Just for the Ride

dir. Amanda Micheli

The Wildest Show in the South: The Angola Prison Rodeo

dir. Simeon Soffer

Thurs Jan 23-Sun Jan 26 at the Little Theatre.Do you realize what it means to break every bone in your body? Every bone, every damn last one. This is why I never had secret ambitions to be a cowgirl. I rejected that whole Tom Robbins hoo-ha. I fell off a horse when I was eight and, unaware of the old chestnut, never got back on. Jan Youren, in Amanda Micheli's Just for the Ride, rode an entire winning season with her back broken, and has broken every bone in her body, most of them more than once. Youren is certainly tough (she says childbirth is a cakewalk compared to rodeo), but Micheli's film feels sweet and nostalgic, playing more or less right into everything we think we know about cowgirls, weathered hides covered in spangles. The Wildest Show in the South, a short documentary about the Angola Prison Rodeo, is stranger and more provocative, not least because of the contrast between the prisoners' rodeo ambitions (couched in the universal language of self-improvement--taking out aggressions, perseverance, succeeding at goals) and the real violence of the rodeo games. But there's something rolling through this film that redeems the easy morality, something about the fair fight--with a victim that can fight back (and how!)--that keeps The Wildest Show prickly and unsettling. Which it should be; when the rodeo settles comfortably into the realm of metaphor, when breaking every bone in your body is just something you say, then something has definitely been lost. EMILY HALL

Mickey One

dir. Arthur Penn

Wed Jan 29 at EMPA full two years before the pair went on to revolutionize '60s cinema with Bonnie and Clyde, Arthur Penn and Warren Beatty made this inspired, very-difficult-to-find curio that attempted to integrate the fractured style of the French new wave with Hollywood filmmaking. The results are predictably bizarre, considering that in 1965 Warren Beatty was basically a pretty-boy fop in search of a vehicle, and Penn was a TV director with a couple of movies under his belt. Employing a dash of Kafka and more than a modicum of Godard, Penn and Beatty were attempting to make a jazz film about fate, filmed in beautiful black and white. Though the story concerns a two-bit nightclub comic on the run from and--courtesy of some jazzy existentialism--straight into the arms of the mob, the real story here is all about jump cuts, narrative shorthand, and genuinely strange pidgin-Beckett dialogue. Beatty, whose character is tellingly called "The Comic," doesn't know why the gangsters are after him (though it clearly has something to do with a girl), so he runs and runs, adopts the name Mickey One, and becomes an absolute sensation, so popular that his archenemies suddenly want to hire him. This lands him in the spotlight glare of a fairly ridiculous dilemma, and leads to the inevitable self-sacrifice of the existential hero. The film is highly entertaining, particularly for fans of Beatty at his most beautiful, but mainly because it's such a pretentious botch job. Still, it's a pretentious botch job that presaged Performance, the best film of the '60s. So there. SEAN NELSON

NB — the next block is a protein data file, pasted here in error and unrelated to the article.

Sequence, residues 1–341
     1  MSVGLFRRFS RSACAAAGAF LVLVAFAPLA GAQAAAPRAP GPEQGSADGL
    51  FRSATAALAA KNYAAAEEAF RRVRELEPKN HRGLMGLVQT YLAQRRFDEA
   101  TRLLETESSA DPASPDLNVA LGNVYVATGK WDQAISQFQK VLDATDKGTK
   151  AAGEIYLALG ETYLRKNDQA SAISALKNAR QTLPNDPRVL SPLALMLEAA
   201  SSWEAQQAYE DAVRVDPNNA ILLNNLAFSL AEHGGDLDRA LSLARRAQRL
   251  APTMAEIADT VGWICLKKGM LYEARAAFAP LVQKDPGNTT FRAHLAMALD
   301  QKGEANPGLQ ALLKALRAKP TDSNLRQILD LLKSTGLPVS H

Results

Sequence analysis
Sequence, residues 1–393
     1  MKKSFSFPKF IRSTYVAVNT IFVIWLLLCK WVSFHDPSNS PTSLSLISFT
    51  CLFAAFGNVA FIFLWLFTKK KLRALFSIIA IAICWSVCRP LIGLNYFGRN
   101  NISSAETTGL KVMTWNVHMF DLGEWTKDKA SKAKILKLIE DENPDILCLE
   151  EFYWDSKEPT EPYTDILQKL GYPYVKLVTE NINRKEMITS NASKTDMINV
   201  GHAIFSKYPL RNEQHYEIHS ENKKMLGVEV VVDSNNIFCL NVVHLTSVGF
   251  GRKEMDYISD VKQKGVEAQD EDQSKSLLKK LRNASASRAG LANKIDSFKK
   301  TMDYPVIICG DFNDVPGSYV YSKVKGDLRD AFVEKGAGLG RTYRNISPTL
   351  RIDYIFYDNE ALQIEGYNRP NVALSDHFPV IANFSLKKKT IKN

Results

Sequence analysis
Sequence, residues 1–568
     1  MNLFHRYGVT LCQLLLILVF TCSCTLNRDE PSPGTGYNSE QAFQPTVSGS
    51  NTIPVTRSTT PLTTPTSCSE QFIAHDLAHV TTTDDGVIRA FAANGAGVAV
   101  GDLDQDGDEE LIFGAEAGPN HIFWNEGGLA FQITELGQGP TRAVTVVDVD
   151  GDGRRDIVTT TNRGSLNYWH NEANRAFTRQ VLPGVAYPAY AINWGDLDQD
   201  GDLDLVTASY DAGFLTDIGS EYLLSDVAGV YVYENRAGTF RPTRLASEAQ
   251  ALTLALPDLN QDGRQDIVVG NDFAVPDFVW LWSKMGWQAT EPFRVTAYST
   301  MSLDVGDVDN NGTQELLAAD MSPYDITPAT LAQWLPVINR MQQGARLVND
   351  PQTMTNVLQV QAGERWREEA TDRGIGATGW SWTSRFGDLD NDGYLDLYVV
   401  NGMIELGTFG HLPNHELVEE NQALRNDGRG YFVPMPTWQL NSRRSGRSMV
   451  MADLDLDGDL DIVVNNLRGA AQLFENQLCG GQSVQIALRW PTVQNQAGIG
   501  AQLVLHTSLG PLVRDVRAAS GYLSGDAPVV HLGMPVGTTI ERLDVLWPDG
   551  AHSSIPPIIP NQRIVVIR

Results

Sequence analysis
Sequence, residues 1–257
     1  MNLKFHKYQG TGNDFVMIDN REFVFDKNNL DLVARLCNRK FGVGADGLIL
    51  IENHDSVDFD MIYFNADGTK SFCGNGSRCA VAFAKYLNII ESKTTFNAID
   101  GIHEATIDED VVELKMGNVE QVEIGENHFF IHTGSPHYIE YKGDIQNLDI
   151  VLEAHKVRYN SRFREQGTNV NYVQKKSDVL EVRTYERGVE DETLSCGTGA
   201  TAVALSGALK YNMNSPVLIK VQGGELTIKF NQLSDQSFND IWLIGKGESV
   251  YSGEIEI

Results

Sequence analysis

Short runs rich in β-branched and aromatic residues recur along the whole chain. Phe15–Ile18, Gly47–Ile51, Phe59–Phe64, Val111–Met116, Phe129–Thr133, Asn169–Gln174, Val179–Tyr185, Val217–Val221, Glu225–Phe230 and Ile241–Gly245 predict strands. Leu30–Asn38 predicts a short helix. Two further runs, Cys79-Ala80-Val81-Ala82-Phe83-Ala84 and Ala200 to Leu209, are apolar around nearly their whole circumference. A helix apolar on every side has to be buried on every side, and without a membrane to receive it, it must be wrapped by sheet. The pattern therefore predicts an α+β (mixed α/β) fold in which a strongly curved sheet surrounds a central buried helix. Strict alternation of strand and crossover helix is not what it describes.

Daughter from Danang

dir. Gail Dolgin and Vicente Franco

Fri-Thurs Jan 24-31 at the Varsity.Born in 1968 in Danang, Vietnam, Heidi Bub is the result of an affair between a Vietnamese mother and an American serviceman father. Like most Vietnam War babies, Heidi never met her father, who returned to the U.S. before Heidi was born. In 1975, thanks to President Ford's chaotic postwar orphan-rescue mission "Operation Babylift," Heidi--along with thousands of other mixed-race Vietnamese children (many of whom, like Heidi, weren't orphans at all)--was brought to America, where she was adopted by a woman in Pulaski, Tennessee.

Quietly compelling and thoughtful, Daughter from Danang follows Heidi as she finally returns to Vietnam to reconnect with her biological mother and Vietnamese past. Of course there are tears and culture shock, and we see how overwhelmingly different bleak suburban Pulaski (birthplace of the KKK) is compared to the lush colors and palpable energy of Danang. But directors Gail Dolgin and Vicente Franco wisely avoid overly maudlin reunion shtick, and focus instead on Heidi's emotional ambivalence: We follow courteous, fully Americanized Heidi, lilting Southern accent and all, growing more dismayed and offended as her poverty-stricken Vietnamese family starts talking about financial assistance and filial responsibility--the benchmarks of good Asian daughters. MIN LIAO

City of God

dir. Fernando Meirelles and Kátia LundAs with Mathieu Kassovitz's French film La Haine (Hate, 1995), Fernando Meirelles' Cidade de Deus (City of God) draws its energy, visual flourishes, and narrative strategies from two American sources: Spike Lee and Martin Scorsese. This borrowing, or theft, does not, however, make Cidade de Deus an American film (unlike Kassovitz'sThe Crimson Rivers); Cidade de Deus is a Brazilian film. The Americanism structures the story's form rather than its content. Set in hell (a heated Rio de Janeiro ghetto) and narrated by a young newspaper photographer named Rocket (Alexandre Rodrigues), Cidade de Deus essentially describes the rise and fall of the legendary, psychopathic gangster Li'l Zé (Leandro Firmino da Hora), who, after murdering every obstacle in his way, mercilessly rules the ghetto's turbulent drug trade. During Rocket's '60s boyhood, the film's violence is comical, its criminals romantic and ethical. But as the slum expands and Rocket becomes a young man in the '70s, the violence intensifies. By the film's end in the '80s, the sound of bullets replaces actual dialogue. Though great to watch, Cidade de Deus curiously fails to comment on the reason why most of the people who live and die in the ghetto are brown, beige, and black. CHARLES MUDEDE